|Iran has the upper hand in the region: NY Times||
In an article published on Friday on the website of the New York Times, the writer comments on the regional rivalry between Iran and Saudi Arabia, saying Iran currently has the upper hand in the region.
The following are excerpts of the article written by Ben Hubbard:
The fevered struggle between Saudi Arabia and Iran for regional dominance has for years (affected) nearly every (development) across the Middle East.
So it has come as a surprise to many here that even with the region still in tumult, there have been signs that both powers are looking to temper their … rivalry.
But as officials in Riyadh and Tehran give hints of détente, the reality, experts say, is that the two (countries) are more likely circling as they adjust to shifting regional dynamics. For the moment, Iran has the upper hand, having successfully staked its position on supporting President Bashar al-Assad in Syria’s civil war and having opened talks with Washington over its nuclear program.
“Iran is in a stronger position than Saudi right now,” said an adviser to the Saudi government, speaking anonymously in order to be more candid. “They have more cards.”
Iran’s current … leg up has implications in key areas where it has sparred with the Saudi kingdom, and the United States. It reinforces Iran’s position in Iraq, bolsters its allies who … reject Israel and gives momentum to forces opposed to American influence in the region.
The shift also has emboldened Iran to seek stronger economic ties with other (Persian Gulf) states that Saudi Arabia would like to have firmly in its own camp.
This leaves Saudi leaders trying to figure out how they have been outmaneuvered. Saudi Arabia also feels imperiled by what it sees as its allies in the Obama administration pulling back from the Middle East, while the Syrian rebels it has backed fracture and lose ground.
The kingdom has gained outsize leverage with Egypt after propping up its treasury with billions of dollars, but Egypt’s regional influence and agenda have narrowed as it focuses on stabilizing its domestic situation. So with Iran continuing to exert its influence in Iraq, Syria, Lebanon, Bahrain, and Yemen, the Saudis issued an invitation for Iran’s foreign minister to visit.
Yet a willingness to talk does not necessarily signal a willingness to close the yawning gaps that remain between the two sides, according to analysts and regional officials.
“When you look at the nature of the conflicts they are fighting, they are not raging because of a lack of dialogue between Tehran and Riyadh,” said Karim Sadjadpour, a senior associate at the Carnegie Endowment for International Peace. “There are serious geopolitical, ethnic, sectarian and ideological differences at play.”
Iran has trumpeted its views on the most immediate of those differences — whom to blame for the civil war in Syria. During a visit to Iran this week by the emir of Kuwait, Iran’s Supreme Leader implicitly accused Saudi Arabia of backing takfiris, or extremists who consider those who do not follow their interpretation of Islam to be infidels.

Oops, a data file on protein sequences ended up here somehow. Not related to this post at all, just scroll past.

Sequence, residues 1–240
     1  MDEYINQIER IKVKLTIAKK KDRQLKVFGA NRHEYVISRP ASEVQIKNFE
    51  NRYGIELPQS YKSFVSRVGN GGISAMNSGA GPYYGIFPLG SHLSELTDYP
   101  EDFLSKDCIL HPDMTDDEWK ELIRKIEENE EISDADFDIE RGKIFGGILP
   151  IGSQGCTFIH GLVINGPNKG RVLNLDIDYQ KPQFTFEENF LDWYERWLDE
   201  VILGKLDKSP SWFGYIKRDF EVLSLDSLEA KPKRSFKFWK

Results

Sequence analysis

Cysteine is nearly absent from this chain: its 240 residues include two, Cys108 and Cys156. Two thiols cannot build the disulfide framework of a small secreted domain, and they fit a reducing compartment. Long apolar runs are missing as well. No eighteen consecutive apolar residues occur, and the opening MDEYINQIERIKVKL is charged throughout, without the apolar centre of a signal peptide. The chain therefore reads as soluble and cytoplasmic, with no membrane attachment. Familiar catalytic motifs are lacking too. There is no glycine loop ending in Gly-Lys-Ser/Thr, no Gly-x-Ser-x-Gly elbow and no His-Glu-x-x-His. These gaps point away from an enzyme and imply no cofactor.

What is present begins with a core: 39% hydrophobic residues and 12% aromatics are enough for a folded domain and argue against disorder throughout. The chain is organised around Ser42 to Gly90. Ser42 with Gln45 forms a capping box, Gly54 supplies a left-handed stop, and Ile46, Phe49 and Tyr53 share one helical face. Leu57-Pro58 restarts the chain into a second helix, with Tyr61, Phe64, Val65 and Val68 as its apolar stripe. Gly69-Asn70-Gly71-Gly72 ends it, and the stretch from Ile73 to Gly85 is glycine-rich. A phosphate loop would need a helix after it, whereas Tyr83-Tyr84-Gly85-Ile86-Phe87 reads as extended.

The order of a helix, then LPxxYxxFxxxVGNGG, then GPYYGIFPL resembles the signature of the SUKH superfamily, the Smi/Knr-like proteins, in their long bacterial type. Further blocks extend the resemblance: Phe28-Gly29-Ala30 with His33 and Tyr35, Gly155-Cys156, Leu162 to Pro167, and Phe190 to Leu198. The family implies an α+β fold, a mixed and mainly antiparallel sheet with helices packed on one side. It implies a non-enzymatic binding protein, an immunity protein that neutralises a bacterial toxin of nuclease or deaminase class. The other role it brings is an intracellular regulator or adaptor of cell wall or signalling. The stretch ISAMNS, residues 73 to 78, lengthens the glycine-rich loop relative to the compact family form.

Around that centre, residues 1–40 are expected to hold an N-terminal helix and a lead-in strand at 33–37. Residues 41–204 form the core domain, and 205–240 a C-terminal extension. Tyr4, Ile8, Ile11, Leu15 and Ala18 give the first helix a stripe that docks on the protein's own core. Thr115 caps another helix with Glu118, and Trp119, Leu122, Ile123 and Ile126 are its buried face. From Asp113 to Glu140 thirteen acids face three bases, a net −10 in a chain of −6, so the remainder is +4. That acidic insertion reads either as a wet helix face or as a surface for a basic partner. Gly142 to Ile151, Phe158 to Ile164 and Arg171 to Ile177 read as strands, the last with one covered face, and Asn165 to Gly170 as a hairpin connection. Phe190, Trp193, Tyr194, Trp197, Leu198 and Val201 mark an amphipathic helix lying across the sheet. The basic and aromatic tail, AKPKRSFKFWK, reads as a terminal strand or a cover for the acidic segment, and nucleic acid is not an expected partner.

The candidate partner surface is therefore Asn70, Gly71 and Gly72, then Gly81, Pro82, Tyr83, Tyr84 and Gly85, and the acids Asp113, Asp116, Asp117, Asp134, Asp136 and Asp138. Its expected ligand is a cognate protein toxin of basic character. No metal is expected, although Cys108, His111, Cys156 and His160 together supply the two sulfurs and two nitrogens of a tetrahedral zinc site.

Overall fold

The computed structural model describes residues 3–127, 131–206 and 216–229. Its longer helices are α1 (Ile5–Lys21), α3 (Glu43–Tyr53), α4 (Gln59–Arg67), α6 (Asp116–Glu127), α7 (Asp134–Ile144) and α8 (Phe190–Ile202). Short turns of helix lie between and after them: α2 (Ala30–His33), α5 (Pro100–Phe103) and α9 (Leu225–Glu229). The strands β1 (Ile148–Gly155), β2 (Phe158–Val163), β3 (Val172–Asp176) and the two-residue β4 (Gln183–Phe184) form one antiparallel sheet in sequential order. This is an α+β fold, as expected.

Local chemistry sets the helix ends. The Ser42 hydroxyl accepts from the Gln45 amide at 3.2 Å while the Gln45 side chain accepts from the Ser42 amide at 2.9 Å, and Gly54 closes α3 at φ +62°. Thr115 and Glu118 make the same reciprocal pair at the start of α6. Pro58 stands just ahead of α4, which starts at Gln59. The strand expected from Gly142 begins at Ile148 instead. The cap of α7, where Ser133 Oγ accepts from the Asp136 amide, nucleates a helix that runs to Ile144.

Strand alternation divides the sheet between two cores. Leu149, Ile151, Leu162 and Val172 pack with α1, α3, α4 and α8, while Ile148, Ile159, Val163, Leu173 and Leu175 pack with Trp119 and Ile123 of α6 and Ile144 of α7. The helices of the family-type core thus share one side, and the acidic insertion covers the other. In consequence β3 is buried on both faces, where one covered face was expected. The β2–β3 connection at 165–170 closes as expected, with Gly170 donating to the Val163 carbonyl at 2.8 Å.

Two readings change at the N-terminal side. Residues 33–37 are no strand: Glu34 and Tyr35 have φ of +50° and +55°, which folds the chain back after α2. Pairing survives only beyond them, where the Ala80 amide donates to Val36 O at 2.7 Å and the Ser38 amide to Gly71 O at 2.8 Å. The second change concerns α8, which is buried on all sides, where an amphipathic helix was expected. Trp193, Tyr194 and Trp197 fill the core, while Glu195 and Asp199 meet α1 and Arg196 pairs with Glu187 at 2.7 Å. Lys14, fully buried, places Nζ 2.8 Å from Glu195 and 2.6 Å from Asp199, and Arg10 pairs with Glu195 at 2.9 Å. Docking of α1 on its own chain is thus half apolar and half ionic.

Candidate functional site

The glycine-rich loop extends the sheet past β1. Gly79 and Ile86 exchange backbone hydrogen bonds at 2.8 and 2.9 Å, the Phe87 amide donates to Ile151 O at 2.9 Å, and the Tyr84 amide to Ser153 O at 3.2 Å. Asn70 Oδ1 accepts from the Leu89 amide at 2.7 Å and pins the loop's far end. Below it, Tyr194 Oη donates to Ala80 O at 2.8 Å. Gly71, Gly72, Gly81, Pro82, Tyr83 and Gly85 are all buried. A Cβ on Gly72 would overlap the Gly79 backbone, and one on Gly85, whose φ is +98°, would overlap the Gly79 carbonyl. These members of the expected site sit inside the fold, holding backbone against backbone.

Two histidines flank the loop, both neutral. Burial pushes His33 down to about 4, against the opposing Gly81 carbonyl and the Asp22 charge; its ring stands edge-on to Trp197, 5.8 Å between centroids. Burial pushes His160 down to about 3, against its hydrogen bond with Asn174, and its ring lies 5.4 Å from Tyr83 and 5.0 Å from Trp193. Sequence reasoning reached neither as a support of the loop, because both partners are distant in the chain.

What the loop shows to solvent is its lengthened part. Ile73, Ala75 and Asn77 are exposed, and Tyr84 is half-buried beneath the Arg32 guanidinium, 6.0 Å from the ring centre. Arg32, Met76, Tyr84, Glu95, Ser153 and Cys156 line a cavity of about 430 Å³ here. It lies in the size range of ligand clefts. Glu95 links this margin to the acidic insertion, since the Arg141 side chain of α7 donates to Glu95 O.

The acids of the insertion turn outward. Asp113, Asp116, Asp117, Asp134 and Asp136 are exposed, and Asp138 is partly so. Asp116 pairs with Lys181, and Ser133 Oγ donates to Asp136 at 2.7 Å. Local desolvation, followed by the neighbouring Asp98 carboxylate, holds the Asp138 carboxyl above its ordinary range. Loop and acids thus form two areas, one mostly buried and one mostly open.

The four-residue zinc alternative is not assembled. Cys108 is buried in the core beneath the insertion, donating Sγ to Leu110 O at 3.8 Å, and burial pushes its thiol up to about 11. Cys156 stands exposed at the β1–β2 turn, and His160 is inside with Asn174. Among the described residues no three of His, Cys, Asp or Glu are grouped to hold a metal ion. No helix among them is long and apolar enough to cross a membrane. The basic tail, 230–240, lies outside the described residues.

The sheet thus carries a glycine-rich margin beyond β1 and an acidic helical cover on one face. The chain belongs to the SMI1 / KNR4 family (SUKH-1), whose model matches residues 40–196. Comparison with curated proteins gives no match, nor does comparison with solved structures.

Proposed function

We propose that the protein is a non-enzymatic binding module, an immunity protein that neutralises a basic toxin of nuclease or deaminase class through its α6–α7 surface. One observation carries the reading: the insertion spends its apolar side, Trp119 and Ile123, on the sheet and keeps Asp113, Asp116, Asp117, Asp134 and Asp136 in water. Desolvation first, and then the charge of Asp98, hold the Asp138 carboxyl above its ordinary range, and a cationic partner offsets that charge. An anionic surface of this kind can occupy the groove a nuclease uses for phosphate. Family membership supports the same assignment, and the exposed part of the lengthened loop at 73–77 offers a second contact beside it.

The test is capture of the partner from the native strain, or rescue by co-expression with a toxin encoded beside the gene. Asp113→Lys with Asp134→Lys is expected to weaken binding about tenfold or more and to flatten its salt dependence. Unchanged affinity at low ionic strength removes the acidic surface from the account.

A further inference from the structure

“By offering assistance to the takfiri groups, some regional countries are now supporting their killings and crimes in Syria and in a number of other countries,” said Supreme Leader Ayatollah Ali Khamenei, according to the Tasnim news agency.
Since his election last year, President Hassan Rouhani of Iran has sought to … improve its economy by joining the nuclear talks and sending his foreign minister to strengthen ties with other (Persian Gulf) states.
Some of those countries, too, see benefits in building ties with Iran.
One of the Kuwaiti emir’s goals in visiting Tehran was to seek a deal to import Iranian natural gas, Kuwait’s oil minister told the country’s state news service, KUNA.
In January, Sheikh Mohammed bin Rashid al-Maktoum, the ruler of Dubai, in the United Arab Emirates, told the BBC that sanctions on Iran should be eased, adding that “everybody will benefit.”
Saudi Arabia has responded to Iranian overtures with … distrust, despite the announcement last month by the Saudi foreign minister, Prince Saud al-Faisal, that he had invited his Iranian counterpart to Riyadh.
“Iran is a neighbor,” Prince Saud said. “We have relations with them and we will negotiate with them.”
Saudi leaders, who have long considered their alliance with Washington crucial to national security, have watched warily as President Obama has prioritized the Iranian nuclear deal over other regional issues. They also feel betrayed because Mr. Obama has not given greater backing to Syria’s rebels.
Saudi Arabia has sought to adjust by promoting security cooperation in the (Persian Gulf). And in April, it dropped its traditional discretion about military matters by televising its largest-ever maneuvers and showing off powerful ballistic missiles.
But in addition to doubting Iran’s intentions, the Saudis are wary of offering any concessions of their own in a conflict both sides often see as a zero-sum game.
Saudi officials say they feel they have largely “lost” Iraq. That gives them all the more reason not to give up on the rebels in Syria. But Saudi Arabia’s main hope is that the strain of Iran’s extensive support for Mr. Assad will cause it to seek a deal — a prospect analysts dismiss as unlikely as long as Mr. Assad’s forces are advancing.
“Two years ago, the conventional wisdom was that Assad’s collapse was imminent, and now no one is talking about Assad leaving,” said Mr. Sadjadpour, of the Carnegie Endowment. “So why on earth would they feel the need to drop him now, given all they have invested?”
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